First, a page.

• COVID-19 - It is possible to spread the virus for about two days before experiencing signs or symptoms and remain contagious for at least ten days after those symptoms first appeared. It's also possible to spread COVID-19 even if you don't develop any symptoms.

How Do I Prevent the Flu?

Get Vaccinated. Each year, researchers identify the three strains that are most likely to cause the majority of flu illness that season. They develop a flu vaccine from those strains. Getting vaccinated in the late fall and early winter can enable your body's immune system to develop antibodies against the strains of flu included in the vaccine.

According to the Centers for Disease Control and Prevention (CDC), getting vaccinated early -- as soon as the vaccine becomes available -- provides the best protection for you and your community. However, they still urge high risk people who have not been vaccinated by the end of November to get vaccinated in December or January, as flu activity continues well into the spring.

What If I Do Not Get a Flu Vaccine This Year?

There are still steps you can take to help avoid the flu:

  • Keep your distance. If you know someone who has the flu, give them plenty of space. If you are experiencing flu symptoms, avoid contact with others. The virus is spread through airborne transmission or personal contact. Never visit hospitals or nursing homes when you are sick.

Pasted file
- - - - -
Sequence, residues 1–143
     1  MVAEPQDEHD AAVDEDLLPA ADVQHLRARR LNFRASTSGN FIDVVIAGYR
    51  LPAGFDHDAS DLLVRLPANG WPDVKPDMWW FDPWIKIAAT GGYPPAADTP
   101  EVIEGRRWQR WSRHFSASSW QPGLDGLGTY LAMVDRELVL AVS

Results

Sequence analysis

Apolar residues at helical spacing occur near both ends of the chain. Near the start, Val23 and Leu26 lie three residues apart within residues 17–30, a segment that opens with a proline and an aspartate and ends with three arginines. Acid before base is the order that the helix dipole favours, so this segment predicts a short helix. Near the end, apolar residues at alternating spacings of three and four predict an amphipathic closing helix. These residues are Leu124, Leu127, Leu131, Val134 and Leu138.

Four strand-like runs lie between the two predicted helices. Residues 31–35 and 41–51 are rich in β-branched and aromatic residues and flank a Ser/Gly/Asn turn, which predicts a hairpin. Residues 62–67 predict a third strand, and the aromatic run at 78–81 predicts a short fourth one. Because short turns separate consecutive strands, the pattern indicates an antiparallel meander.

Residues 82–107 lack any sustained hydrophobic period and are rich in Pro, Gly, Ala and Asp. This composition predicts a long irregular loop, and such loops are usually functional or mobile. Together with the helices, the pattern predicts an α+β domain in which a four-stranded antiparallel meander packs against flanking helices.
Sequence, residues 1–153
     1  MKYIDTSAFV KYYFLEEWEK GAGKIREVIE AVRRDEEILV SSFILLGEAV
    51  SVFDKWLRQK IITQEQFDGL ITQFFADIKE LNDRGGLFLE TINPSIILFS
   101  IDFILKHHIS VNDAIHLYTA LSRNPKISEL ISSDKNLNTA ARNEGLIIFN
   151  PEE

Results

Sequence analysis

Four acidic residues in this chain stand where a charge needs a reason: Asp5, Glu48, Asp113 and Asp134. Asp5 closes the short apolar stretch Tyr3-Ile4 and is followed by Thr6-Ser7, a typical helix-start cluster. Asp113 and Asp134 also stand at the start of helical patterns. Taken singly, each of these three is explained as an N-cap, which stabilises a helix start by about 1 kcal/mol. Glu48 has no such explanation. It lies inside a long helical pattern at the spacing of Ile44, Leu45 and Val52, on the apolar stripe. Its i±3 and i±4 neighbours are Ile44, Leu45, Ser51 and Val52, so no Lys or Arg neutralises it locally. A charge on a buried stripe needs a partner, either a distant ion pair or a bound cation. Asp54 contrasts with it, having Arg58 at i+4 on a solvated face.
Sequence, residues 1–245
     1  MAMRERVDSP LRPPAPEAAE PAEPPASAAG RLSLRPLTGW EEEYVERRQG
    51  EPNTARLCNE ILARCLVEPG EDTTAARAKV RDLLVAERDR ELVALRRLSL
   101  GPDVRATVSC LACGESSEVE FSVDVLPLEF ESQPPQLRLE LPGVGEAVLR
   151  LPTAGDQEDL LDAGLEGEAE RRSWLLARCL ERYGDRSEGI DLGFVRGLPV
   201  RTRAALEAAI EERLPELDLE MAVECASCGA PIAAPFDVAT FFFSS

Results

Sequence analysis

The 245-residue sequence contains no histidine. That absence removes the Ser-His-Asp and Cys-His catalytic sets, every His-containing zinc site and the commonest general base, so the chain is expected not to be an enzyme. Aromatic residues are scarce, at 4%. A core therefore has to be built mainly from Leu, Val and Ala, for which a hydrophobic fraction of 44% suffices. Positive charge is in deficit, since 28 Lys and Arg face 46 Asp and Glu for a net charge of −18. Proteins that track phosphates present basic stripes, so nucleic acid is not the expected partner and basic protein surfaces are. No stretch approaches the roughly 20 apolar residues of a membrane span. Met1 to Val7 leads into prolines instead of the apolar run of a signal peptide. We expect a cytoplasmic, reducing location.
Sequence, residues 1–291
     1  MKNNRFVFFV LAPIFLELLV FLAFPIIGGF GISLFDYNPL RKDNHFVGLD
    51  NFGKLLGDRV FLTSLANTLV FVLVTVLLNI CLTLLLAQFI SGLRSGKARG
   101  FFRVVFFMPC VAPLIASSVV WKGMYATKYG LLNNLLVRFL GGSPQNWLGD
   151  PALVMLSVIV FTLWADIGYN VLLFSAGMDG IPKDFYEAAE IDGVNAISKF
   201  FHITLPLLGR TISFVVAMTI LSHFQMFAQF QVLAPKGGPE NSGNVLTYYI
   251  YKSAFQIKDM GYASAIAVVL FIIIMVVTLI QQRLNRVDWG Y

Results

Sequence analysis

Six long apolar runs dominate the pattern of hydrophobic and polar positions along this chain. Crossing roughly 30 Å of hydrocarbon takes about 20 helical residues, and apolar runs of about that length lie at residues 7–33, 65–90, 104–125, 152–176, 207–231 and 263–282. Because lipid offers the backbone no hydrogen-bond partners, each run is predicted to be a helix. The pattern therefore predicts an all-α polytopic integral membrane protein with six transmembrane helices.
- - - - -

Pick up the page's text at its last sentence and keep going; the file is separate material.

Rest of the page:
• Wash your hands! The flu virus can survive on doorknobs, keyboards and other objects. Touch them, then touch your nose and mouth, and you've got it.
  • Avoid sharing towels, cups or utensils.
  • Avoid second-hand smoke. If you smoke, try to quit.
  • Eat healthy, drink plenty of water and get enough sleep.

There are also prescription medications that have been approved for prevention of flu symptoms, for those who are unable to take the vaccine. Ask your doctor for more information about these medications.

How Can I Treat the Flu?

Unfortunately, there isn't a cure for the flu, but your doctor can prescribe medications for treating the symptoms. There are also over-the-counter remedies that may help control your symptoms. Before using an over-the-counter medication, it is always wise to check with your doctor or pharmacist to be sure the product is right for you.